Abstract 5134: Effects of Vitamins C and E and Beta Carotene on the Occurrence of Venous Thromboembolism: A Randomized Trial in Women at High Cardiovascular Risk
Background: Limited observational and randomized evidence suggests that antioxidant intake or supplement use may lower the risk of venous thromboembolism (VTE).
Methods: The Women’s Antioxidant Cardiovascular Study randomized 8,171 female health professionals with a history of cardiovascular disease or 3 or more cardiovascular risk factors to receive 500 mg/d of ascorbic acid or placebo, 600 IU of vitamin E or placebo every other day, and 50 mg beta carotene or placebo every other day, in a 2×2×2 factorial design. Documented VTE (including pulmonary embolism or deep vein thrombosis) and unprovoked VTE (no recent surgery, trauma, or cancer) were prospectively evaluated as secondary endpoints of the trial.
Results: During a median follow-up of 9.4 years, VTE occurred in 219 women for an incidence rate (per 1,000 person-years) of 3.05. This incidence was 90% higher than the age-adjusted rate observed in a parallel trial of vitamin E in female health professionals without CVD that used comparable methods of VTE ascertainment. There was no overall effect of ascorbic acid (hazard ratio [HR], 0.91; 95% CI, 0.70 –1.18, [P=0.47]), vitamin E (HR, 0.93; 95% CI, 0.71–1.21, [P= 0.59], or beta carotene (HR, 1.19; 95% CI, 0.91–1.55, [P=0.21] on occurrence of VTE. Unprovoked VTE occurred in 141 women and similar, non-significant treatment effects were observed for this outcome: ascorbic acid HR, 0.81 (95% CI, 0.58 –1.13); vitamin E HR, 1.00 (95% CI, 0.72–1.40); and beta carotene HR, 1.34 (95% CI, 0.96 –1.88). There were also no significant pairwise interactions between agents on risk, although women who received active vitamin E only or active vitamin C only had observed 42% and 45% reductions, respectively, in the hazard of VTE relative to women receiving all placebo agents, and the reduction was nominally significant for vitamin E only (P=0.038).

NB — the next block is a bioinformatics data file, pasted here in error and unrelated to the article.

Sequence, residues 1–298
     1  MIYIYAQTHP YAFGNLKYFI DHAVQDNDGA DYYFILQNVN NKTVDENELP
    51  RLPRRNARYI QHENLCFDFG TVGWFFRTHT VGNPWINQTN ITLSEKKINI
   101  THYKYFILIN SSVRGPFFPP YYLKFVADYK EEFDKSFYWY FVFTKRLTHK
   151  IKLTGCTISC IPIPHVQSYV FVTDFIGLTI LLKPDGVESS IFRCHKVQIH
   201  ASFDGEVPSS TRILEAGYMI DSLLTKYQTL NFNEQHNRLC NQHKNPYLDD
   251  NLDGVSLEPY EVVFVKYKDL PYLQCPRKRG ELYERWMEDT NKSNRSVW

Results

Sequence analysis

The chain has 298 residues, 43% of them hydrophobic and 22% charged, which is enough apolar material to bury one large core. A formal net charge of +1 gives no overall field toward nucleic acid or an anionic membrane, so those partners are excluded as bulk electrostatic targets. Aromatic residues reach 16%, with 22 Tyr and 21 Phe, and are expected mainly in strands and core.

Conclusion: There were no overall effects of ascorbic acid, vitamin E, or beta carotene on VTE among women at high risk for cardiovascular disease, although in light of prior evidence and the possible benefits of vitamin E or vitamin C alone, further study of these agents seems warranted.